I really didn't know how to react when I read yesterday that JPMorgan Chase put out a report valuing Time Warner's AOL division at a mere $4.2 billion, while a Pali Research analyst pegged it at $4 billion. I wasn't sure whether I should laugh, grimace, or just shake my head in dismay. I think I ended up doing all three of these things.
Like many Americans, I was introduced to the Web through AOL and saw it become the biggest darling in an Internet bubble that defied all expectations. So in 1999, there's no way I would have believed anyone predicting that AOL might finish this decade with a valuation less than one-fifth that of Yahoo!
It has been a collapse of epic proportions, and it goes without saying that no one deserves more blame for it than AOL itself.
A comedy of business errors
In fairness to AOL, the migration from dial-up to broadband Internet access was bound to present a major challenge. The company tried forming partnerships with cable and DSL providers to deal with the threat, only to learn that as the consumer market evolved, these companies felt little need to share subscription revenues with AOL. But that's just it. If AOL had played its cards right, it could have been the kind of company that broadband Internet service providers (ISPs) actually felt they had to partner with.
Back in its heyday, AOL offered a lot of original content that couldn't be found elsewhere on the Internet. The company was actually ahead of its time here. Today, many broadband ISPs view the offering of premium Web content as a key part of their sales pitch -- witness Verizon and AT&T's
But instead, AOL kept promoting itself as nothing more than the Internet on training wheels. And as we all know, training wheels are meant to come off. With a business strategy like that, AOL's ISP business was doomed to gradually fade into irrelevance.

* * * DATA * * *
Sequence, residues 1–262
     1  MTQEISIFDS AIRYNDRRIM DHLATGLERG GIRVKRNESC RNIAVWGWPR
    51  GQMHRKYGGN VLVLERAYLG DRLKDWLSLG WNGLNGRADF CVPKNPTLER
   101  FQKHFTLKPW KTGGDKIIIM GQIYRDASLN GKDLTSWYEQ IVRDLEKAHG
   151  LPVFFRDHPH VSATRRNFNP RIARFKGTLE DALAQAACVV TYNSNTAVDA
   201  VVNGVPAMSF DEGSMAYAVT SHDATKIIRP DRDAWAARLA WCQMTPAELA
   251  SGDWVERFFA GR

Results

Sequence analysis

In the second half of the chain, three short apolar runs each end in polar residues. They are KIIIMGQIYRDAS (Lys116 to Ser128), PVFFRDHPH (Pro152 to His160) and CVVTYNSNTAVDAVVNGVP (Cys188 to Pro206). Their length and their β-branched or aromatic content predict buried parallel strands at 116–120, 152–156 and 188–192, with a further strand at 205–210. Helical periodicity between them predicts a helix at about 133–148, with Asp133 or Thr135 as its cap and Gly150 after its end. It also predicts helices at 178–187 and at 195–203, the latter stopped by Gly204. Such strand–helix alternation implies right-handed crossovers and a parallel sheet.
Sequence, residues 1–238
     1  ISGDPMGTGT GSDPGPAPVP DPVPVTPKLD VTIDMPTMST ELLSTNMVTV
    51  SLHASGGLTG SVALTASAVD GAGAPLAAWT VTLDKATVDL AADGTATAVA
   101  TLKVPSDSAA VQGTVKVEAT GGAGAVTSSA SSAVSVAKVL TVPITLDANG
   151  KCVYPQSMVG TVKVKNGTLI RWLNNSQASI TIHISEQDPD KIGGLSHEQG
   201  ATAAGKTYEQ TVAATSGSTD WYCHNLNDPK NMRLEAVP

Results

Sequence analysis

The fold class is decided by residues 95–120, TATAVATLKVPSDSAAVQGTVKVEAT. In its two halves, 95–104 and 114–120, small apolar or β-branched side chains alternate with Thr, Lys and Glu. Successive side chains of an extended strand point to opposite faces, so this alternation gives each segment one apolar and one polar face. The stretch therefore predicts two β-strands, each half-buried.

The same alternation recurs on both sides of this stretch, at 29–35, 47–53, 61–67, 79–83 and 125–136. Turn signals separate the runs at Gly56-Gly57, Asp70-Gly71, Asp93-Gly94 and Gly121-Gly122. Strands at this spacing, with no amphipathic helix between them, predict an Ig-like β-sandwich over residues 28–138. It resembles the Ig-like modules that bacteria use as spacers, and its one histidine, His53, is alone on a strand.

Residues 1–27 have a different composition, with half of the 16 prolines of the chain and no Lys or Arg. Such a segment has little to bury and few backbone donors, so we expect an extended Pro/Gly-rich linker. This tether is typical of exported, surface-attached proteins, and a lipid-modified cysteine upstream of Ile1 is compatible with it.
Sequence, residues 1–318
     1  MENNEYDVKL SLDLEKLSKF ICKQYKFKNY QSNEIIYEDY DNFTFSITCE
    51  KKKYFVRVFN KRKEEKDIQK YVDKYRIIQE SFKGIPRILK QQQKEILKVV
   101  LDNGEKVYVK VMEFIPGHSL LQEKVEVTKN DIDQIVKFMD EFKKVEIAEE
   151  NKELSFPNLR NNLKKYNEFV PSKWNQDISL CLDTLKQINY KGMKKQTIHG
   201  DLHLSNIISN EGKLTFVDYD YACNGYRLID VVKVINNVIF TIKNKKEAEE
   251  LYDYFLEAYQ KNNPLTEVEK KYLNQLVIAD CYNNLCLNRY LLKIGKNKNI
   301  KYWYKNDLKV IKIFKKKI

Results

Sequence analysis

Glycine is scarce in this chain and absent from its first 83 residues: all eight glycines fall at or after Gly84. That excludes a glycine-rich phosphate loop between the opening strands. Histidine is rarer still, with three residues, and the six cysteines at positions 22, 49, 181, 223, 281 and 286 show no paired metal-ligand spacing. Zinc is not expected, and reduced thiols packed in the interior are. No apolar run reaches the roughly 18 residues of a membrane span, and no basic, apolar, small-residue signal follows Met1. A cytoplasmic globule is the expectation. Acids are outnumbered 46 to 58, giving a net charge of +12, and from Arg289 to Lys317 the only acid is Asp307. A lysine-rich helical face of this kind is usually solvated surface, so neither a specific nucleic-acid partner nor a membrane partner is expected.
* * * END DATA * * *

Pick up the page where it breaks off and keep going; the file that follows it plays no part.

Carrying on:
Of course, even if AOL had failed to develop a premium content platform that could appeal to consumers and ISPs, it could have still remained a major player on the Web, had the company shown a little more foresight. With a market cap that once hit $180 billion, AOL could have snapped up companies like Google, Amazon, eBay, and Priceline.com without much trouble. And even in the post-bubble years, there was a time when it still had the resources to acquire a MySpace, Facebook, or YouTube.
Instead, the company's Web purchases, from its 1998 buyout of Netscape to its 2008 acquisition of also-ran social networking site Bebo, have mostly proven to be duds. And the deal that AOL will best be remembered for, of course, is its merger with Time Warner -- a union with a cable/old media conglomerate that made little sense when you looked at AOL's history as an independent ISP, and even less sense when you considered the clash in business cultures.
How much value is left?
Now, the suits at Time Warner, having long taken full control over their acquirer, are trying to salvage what money they can from AOL by spinning the division off in an IPO. Only they're finding that the going rate for this fading star is a lot less than anyone could have imagined a short while ago. But at such a depressed valuation, might AOL be a good value play?
I'm not sold on that, given the issues that AOL still has to deal with. The company's ever-dwindling dial-up ISP business might decline even faster than the market expects if the White House gets serious about pursuing its goal of universal broadband access. Mapquest, arguably the biggest gem among AOL's Web assets, is steadily giving up market share to Google Maps. AOL's Web advertising business, pieced together through several acquisitions, has its work cut out competing against a dominant Google and a hungry Microsoft
Seen in that light, Time Warner would be well-advised to swallow its pride and take the $4 billion or so in value that the market might afford AOL. With this one-time giant, there always seems to be another shoe to drop.
Fool contributor Eric Jhonsa has no position in any of the companies mentioned. Google is a Motley Fool Rule Breakers pick. Amazon.com, Walt Disney, eBay, and Priceline.com are Stock Advisor recommendations.The Motley Fool has a disclosure policy.